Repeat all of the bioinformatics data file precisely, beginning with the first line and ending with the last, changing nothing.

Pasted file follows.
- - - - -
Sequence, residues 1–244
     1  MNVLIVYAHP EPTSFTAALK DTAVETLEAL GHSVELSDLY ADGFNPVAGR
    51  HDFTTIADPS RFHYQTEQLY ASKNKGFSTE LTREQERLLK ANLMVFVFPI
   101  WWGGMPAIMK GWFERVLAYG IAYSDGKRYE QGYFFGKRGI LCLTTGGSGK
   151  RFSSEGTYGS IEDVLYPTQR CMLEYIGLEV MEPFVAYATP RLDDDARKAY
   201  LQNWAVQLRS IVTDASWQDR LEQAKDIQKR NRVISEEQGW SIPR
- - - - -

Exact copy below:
Sequence, residues 1–244
     1  MNVLIVYAHP EPTSFTAALK DTAVETLEAL GHSVELSDLY ADGFNPVAGR
    51  HDFTTIADPS RFHYQTEQLY ASKNKGFSTE LTREQERLLK ANLMVFVFPI
   101  WWGGMPAIMK GWFERVLAYG IAYSDGKRYE QGYFFGKRGI LCLTTGGSGK
   151  RFSSEGTYGS IEDVLYPTQR CMLEYIGLEV MEPFVAYATP RLDDDARKAY
   201  LQNWAVQLRS IVTDASWQDR LEQAKDIQKR NRVISEEQGW SIPR